With these and other objects in view, my invention consists in the combination of the various steps of my method whereby the objects contemplated are attained, as hereinafter more fully set forth, .pointed out in my claims and described herein, in which there is shown one way in which my method can be practiced, wherein:

Figure 1 is an elevational view in section showing upper and lower die platens and a length of stock in place prior to the forming operation.

Figure 2 is a vertical sectional view similar to Figure 1 showing the die platens in compressed position.

Figure 3 is a cross-sectional view taken on the line 3-3 of Figure 1.

Figure 4 shows a method of heat treating the end of the tubular stock which is to be formed.

It has previously been the custom to use tubular stock for devices such as filters, dehydrators, strainers, scale traps, etc., which are often used in liquid and gas lines where the liquid or gas is under considerable pressure or of such a nature as will leak out in quantity wherever even a very slight leak might occur.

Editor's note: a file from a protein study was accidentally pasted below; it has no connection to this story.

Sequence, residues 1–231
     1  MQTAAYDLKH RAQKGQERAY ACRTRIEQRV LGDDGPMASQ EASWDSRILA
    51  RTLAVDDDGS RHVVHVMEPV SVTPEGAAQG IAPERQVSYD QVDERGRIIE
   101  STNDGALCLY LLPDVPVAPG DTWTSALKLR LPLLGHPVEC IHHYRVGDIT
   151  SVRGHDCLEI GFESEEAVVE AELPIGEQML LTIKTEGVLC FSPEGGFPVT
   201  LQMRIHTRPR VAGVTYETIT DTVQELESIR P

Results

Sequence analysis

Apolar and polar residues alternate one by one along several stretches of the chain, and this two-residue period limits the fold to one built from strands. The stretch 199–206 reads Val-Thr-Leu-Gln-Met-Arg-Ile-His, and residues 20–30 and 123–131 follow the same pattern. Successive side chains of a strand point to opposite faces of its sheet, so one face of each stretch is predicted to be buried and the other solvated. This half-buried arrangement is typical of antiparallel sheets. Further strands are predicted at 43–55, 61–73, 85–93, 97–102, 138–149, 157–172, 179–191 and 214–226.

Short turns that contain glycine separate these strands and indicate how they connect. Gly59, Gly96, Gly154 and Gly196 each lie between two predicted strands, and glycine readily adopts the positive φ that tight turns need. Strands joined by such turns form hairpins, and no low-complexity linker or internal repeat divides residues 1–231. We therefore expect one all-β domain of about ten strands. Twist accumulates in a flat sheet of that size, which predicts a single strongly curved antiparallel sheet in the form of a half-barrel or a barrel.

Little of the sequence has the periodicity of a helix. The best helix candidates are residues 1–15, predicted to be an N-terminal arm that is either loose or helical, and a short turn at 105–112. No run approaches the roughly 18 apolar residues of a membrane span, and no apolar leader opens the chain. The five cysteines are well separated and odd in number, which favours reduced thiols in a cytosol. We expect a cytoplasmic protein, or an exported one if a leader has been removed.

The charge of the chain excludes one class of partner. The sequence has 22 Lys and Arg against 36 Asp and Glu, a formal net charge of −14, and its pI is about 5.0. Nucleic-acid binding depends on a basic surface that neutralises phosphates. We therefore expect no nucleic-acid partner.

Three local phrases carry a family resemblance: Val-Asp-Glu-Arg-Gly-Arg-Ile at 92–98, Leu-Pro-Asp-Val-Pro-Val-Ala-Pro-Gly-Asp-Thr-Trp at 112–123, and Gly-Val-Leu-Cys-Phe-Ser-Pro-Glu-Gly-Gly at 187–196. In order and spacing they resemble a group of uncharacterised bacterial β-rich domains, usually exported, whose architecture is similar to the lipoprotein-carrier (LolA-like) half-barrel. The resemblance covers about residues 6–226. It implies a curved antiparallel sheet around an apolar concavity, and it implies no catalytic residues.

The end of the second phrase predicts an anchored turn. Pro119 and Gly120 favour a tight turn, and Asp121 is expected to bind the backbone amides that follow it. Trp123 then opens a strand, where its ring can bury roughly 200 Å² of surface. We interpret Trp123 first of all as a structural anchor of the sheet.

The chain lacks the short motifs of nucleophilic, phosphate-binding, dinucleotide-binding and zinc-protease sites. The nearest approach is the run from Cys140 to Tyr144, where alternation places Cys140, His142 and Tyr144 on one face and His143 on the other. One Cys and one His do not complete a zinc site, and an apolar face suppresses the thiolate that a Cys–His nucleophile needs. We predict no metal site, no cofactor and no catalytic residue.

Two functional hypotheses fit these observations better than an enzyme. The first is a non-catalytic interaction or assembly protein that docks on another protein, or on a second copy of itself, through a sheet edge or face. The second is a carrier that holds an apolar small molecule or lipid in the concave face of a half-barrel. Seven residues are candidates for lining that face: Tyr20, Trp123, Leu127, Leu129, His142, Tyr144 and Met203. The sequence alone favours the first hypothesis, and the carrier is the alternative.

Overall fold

It has likewise been the practice when makin such devices to close the ends of the tubular stock either by providing threaded caps or when especially high pressures are encountered by attaching thereto flanges which are bolted together. Such constructions are relatively expensive and entail a large number of manufacturing operations. Moreover, even when so designed, the capped and threaded stock is unsuitable for very high pressures.

Metallic bodies having curved closed ends have frequently been found in the past to have great strength in proportion to the gauge of the metal formed into such rounded shapes. However, in providing a method for forming tubes of rela tively small diameter into such shapes having rounded ends, a difiicult problem is presented since all of the work must be performed upon the stock from the outside and no backing or supporting structure can be effectively positioned within the tube while the forming operation takes place.

This method and a similar apparatus therefore is directed to the provision of steps whereby tube stock of relatively small diameter maybe cut and formed into containers comprising a single iece having rounded ends and which by reason of such construction have relatively great strength in proportion to the gauge of the metal forming the tubular stock.